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  • Natalie Wisdom

Sarah O’Gleby, Broadway Veteran. Creative Director, Director/Choreographer.

[Interview Date: October 19, 2020]

The Tony Awards, Kennedy Center Honors, Chick Flick the Musical, Frozen Broadway/National Tour (Associate) and more.

Where were you on March 12, 2020? And what was the week leading up to it like for you?

I was in Hamburg, Germany for Frozen auditions but had flown over to Manchester, UK for my husband’s opening night of Back to the Future, the Musical. We woke up on Friday morning to a million missed calls from Disney and had to fly back to NY via four different European countries. Chris and I woke up together in Manchester and, strangely, landed within 30 minutes of each other at JFK, but via very different routes to get back. It was quite utter madness!

What was the week following March 12 like for you?

Between Chris and I, we had basically all of our jobs for the rest of the year cancel or postpone very quickly, and just looking at our bank accounts. And I was trying desperately not to freak out. I remember we had very dear friends of ours over for dinner who were in Broadway shows, and they weren’t freaked out at all. They just thought they would have a month off and then everything would go back to normal. But for Chris and I, our entire year had already shifted.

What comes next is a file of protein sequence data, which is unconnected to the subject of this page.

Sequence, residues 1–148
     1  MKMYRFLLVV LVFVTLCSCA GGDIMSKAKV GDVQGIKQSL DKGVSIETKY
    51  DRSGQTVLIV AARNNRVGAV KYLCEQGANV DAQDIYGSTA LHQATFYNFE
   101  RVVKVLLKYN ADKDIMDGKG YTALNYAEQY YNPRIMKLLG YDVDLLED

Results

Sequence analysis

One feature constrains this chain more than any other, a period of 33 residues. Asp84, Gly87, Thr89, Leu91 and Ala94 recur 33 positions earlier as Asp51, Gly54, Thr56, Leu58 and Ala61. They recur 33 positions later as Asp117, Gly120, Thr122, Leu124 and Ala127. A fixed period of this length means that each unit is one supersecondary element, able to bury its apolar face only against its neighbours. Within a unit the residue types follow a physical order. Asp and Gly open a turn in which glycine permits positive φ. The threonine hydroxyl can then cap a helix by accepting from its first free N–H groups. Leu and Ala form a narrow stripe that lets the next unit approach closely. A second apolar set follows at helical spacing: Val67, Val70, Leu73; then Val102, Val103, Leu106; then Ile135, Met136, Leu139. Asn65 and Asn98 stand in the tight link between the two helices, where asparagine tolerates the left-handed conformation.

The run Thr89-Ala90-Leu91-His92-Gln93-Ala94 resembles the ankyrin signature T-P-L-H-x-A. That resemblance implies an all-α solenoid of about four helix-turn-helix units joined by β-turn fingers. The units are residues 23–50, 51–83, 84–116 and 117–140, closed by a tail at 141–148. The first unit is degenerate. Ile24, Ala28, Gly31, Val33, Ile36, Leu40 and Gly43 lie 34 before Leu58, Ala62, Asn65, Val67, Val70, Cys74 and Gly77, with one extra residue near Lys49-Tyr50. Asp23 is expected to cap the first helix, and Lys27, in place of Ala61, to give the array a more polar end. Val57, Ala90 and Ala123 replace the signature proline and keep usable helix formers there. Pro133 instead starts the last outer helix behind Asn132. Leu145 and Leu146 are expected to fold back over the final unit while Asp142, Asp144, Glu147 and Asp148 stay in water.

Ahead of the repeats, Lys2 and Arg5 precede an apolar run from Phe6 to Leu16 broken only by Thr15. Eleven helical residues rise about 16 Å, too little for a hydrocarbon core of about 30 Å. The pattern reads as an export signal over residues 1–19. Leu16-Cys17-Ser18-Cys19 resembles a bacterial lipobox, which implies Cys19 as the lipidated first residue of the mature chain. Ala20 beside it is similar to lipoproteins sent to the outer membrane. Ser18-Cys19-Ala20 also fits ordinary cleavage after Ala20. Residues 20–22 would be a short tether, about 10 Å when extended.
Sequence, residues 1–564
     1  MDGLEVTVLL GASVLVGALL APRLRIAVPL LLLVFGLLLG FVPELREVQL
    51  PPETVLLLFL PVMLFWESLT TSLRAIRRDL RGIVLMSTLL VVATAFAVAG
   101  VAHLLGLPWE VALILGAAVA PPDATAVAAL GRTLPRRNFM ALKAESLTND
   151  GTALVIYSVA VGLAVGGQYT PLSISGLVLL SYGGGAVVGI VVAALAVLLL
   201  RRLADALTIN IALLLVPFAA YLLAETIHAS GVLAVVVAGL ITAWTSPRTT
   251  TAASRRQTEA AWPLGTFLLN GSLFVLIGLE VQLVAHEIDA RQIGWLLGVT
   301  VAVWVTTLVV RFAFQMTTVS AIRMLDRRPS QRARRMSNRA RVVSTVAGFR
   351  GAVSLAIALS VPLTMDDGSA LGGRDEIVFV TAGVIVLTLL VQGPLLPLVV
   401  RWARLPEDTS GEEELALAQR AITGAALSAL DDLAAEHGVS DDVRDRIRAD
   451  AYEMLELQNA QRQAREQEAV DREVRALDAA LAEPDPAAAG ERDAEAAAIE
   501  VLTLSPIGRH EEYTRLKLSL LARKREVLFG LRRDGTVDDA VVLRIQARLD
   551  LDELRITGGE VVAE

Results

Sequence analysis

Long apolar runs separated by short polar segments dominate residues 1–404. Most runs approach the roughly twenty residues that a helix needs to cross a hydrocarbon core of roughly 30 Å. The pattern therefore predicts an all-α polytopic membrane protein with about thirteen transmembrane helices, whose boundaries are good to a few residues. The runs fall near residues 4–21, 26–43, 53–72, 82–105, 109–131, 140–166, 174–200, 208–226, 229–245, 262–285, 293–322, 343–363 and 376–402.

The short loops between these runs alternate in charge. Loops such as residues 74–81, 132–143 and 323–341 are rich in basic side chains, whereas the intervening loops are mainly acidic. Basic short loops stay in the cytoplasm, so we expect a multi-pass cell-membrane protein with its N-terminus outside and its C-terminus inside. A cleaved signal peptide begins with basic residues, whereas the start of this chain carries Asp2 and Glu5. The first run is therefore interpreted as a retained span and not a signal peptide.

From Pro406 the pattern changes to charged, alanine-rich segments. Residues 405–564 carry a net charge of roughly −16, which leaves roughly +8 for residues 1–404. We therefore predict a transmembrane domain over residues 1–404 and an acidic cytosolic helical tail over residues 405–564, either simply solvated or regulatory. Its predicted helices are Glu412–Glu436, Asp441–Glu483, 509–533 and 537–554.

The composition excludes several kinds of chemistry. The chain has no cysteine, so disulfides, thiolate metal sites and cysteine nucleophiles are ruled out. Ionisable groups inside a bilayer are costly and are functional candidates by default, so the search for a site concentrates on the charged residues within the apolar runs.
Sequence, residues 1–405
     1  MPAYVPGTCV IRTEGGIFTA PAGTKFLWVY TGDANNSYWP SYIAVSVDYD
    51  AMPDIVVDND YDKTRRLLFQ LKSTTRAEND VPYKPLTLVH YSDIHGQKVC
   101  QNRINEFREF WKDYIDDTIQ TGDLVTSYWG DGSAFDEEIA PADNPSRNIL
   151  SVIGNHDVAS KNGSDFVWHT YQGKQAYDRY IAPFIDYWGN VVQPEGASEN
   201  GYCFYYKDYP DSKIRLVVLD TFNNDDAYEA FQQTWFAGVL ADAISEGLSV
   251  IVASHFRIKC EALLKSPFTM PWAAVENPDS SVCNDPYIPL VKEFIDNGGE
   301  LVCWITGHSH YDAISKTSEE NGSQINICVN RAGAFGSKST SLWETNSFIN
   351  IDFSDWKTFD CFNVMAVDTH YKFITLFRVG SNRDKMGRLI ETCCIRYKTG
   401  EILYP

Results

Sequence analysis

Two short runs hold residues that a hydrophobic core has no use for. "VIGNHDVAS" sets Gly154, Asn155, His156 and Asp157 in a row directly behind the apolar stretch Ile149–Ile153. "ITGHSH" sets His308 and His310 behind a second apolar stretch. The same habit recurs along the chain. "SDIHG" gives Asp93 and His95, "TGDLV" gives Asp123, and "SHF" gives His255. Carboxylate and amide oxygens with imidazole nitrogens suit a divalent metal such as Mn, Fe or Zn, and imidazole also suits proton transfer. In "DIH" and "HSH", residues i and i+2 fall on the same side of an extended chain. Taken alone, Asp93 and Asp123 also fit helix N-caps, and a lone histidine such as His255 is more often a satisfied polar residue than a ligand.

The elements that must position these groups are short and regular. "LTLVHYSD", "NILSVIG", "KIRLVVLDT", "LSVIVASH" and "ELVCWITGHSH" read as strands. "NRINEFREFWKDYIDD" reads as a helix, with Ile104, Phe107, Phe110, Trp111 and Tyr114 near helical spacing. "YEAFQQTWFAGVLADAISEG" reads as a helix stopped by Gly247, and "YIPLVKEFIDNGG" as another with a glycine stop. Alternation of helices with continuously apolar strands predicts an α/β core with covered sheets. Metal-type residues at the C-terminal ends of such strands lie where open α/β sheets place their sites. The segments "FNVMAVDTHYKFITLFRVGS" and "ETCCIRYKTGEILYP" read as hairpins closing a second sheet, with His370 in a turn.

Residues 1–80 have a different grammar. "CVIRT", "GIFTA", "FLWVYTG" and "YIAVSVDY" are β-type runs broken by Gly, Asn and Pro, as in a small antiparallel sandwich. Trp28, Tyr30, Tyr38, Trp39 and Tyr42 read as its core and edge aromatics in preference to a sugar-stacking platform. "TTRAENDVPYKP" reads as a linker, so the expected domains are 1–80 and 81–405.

Did you anticipate Broadway and other theatre productions would be closed for this long?

No, absolutely not. I don’t think anyone did. I was meant to choreograph my first Broadway show this year, which, of course, was disappointing. But nothing matters more than people’s health. I was heartbroken for all my friends and colleagues at Frozen Broadway, as they never had any closure of any sort when the show announced it would be closing.

What have you, personally, been doing over the past several months or so to stay sane? What has helped you the most?